(Australia 28 Apr 1919–20 Oct 2001)
triptych: each panel 182.9 x 121.9cm board; 182.9 x 365.8cm board overall; 184.5 x 368.1 x 5.5cm frame overall:
a - left panel; 182.9 x 121.9cm
b - centre panel; 182.9 x 121.9cm
c - right panel; 182.9 x 121.9cm
'The night is a tree of pain' was painted at Hodgkinson's Clareville home on Sydney's Pittwater. He had been in Spain since 1958, following his win in the inaugural Helena Rubinstein Travelling Art Scholarship, and returned again in 1963, settling at Deya de Mallorca, where his neighbours included the poet Robert Graves, and fellow Australian artists John Olsen and Paul Haefliger.
In 1963, Hodgkinson wrote:
"The title ... is a line from a forgotten Indian poem ... not intended to be descriptive but rather to suggest a mood. Though the forms relate to earthy natural growth, human and animal life, the image which teased me was the monumental stillness of totems, a symmetry suggested by the gum tree, natural totems rather than the carved and painted aboriginal ones, creating a tortured and ecstatic silence such as may be experienced in the bush at night".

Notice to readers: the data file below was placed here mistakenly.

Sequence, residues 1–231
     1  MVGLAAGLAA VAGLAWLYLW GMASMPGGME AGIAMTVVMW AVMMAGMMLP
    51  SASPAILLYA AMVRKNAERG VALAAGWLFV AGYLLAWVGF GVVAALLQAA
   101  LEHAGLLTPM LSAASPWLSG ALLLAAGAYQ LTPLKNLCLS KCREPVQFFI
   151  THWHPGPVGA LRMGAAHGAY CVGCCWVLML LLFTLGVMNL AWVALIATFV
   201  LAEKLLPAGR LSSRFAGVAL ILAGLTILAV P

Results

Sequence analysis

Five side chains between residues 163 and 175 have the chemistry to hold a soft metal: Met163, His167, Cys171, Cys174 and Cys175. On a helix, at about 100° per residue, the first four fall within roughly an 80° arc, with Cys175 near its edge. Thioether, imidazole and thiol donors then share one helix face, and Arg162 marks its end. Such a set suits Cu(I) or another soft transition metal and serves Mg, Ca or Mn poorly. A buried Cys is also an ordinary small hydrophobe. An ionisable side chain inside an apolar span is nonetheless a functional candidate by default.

Applying the knowledge he had gained abroad of Abstract Expressionism and the school of texture or matter painting - exemplified in the work of Spanish artists Tàpies, Milliares, and Suarez - Hodgkinson attempted to create in his paintings of the early 1960s, a uniform all-over texture, which evoked the coarse beauty of raw earth and a strong sense of natural substance, whilst making particular reference to the rugged bush of the area around his home.
Australian Art Department, AGNSW, 2001
Barry Pearce (Australia) (Author), Australian art: in the Art Gallery of New South Wales, Domain, 2000, 244 (colour illus.), 301.
Lou Klepac (Australia; Croatia, b.1936) (Editor), Barry Pearce (Australia) (Author), Hodgkinson, Roseville, 1994, 68, (colour illus.), (colour illus., detail), 173. plate no. 53
The Sydney Morning Herald 27 Feb 1963, 27 Feb 1963.
Hodgkinson 63: new work by Frank Hodgkinson (1963), Hungry Horse Gallery, 26 Feb 1963–Mar 1963.